This post is based on (but is NOT identical to) a July 17, 2017 submission in response to Senator Hatch’s request for Feedback on Tax Reform
“Re the impact of the S. 877A “Exit Tax” on those “Americans living abroad” who relinquish U.S. citizenship:
Why is the United States imposing an “Exit Tax” on their “non-U.S. pensions” and “non-U.S. assets”? After all, these were earned or accumulated AFTER the person moved from the United States?”
Part A – Why certain aspects of the Exit should be repealed
In a global world it is common for people to establish residence outside the United States. Many who establish residence abroad either are or become citizens of other nations. Some who become citizens of other nations do NOT wish to be “dual citizens”. As a result, they “expatriate” – meaning they relinquish their U.S. citizenship. By relinquishing their U.S. citizenship they are cutting political ties to the United States. They are signalling that they do NOT wish the opportunities, benefits and protection from/of the United States.
Yet Internal Revenue Code S. 877A imposes a separate tax on “expatriation”. The “expatriation tax” is discussed in a series of posts found here.
Specific examples of HOW the “Exit Tax Rules” effectively confiscate pensions earned outside the United States are here.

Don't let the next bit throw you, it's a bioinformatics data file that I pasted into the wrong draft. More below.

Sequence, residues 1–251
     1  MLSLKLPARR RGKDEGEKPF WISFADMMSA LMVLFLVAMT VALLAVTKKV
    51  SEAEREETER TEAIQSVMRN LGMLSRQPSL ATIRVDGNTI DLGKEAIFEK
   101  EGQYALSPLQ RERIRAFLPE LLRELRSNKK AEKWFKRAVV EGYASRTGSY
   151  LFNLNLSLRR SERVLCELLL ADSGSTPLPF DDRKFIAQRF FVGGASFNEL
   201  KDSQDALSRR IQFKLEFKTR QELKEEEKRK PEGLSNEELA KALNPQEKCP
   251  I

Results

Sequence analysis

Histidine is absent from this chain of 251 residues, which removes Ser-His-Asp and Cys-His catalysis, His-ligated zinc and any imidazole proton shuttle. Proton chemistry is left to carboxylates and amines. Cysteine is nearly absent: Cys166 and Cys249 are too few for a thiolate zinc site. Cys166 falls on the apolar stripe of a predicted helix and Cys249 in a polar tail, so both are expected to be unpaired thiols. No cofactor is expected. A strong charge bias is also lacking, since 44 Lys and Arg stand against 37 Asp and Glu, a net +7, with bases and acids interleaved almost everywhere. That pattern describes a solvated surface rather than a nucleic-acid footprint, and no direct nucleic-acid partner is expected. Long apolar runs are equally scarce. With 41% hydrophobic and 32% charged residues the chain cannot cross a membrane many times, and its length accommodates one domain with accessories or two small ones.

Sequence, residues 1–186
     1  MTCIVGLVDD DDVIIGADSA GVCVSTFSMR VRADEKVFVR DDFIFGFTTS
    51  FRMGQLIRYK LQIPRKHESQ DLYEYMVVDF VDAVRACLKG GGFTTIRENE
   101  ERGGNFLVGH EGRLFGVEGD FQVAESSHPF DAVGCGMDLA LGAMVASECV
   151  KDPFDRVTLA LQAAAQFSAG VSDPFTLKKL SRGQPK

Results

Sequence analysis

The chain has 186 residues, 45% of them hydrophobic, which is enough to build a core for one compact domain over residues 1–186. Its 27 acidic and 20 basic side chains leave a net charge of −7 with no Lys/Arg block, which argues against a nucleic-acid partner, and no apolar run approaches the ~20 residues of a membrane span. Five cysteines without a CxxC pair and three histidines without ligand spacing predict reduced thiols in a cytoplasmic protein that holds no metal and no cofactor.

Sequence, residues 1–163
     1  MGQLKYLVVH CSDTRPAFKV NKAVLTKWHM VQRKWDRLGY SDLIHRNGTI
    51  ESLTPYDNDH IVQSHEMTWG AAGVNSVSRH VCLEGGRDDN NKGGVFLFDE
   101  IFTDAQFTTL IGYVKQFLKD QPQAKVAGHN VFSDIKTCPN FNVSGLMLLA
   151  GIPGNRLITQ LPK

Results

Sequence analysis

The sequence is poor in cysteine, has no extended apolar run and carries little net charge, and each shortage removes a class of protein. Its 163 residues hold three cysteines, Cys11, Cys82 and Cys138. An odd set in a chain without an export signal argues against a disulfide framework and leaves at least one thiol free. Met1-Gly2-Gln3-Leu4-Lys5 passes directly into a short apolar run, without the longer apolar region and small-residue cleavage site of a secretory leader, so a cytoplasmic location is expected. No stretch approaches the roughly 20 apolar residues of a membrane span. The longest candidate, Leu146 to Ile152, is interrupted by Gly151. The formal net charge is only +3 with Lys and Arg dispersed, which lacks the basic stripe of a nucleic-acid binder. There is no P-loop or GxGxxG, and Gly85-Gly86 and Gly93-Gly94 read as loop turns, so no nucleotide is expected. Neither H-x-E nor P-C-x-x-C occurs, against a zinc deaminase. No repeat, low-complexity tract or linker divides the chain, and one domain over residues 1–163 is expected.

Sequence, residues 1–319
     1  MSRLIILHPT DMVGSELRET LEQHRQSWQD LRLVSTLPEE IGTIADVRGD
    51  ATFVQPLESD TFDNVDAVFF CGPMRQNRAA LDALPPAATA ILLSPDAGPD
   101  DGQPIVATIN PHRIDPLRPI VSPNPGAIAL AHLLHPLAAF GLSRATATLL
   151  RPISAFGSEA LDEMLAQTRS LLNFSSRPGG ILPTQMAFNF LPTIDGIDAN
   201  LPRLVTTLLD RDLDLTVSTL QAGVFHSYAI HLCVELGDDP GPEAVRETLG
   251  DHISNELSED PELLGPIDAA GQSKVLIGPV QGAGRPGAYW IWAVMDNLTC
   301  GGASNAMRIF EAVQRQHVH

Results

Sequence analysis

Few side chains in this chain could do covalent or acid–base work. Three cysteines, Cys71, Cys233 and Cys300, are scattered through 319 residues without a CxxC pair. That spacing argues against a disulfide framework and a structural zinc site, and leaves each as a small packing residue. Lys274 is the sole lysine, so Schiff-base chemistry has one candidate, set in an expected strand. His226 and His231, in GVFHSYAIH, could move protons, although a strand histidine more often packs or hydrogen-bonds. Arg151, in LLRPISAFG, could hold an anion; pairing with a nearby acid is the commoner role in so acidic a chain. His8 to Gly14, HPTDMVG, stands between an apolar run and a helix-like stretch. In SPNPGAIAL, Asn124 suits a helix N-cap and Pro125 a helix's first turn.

- Virtually “confiscate” non-U.S. pensions that were earned when the individual was NOT a United States resident; and
- Allow for the retention of “U.S. pensions” which were earned while the individual WAS a resident of the United States.
(One would think that the result should be THE EXACT OPPOSITE!”)
Specific request: The S. 877A Exit Tax should be repealed. If the United States is to impose a tax on expatriation, the tax should not extend to “non-U.S. pensions” earned while the individual was NOT a U.S. resident. Furthermore, the tax should NOT extend to “non-U.S. assets” that were accumulated while the individual was NOT a U.S. resident.
But, that’s assuming that the United States should have ANY kind of “Exit Tax!”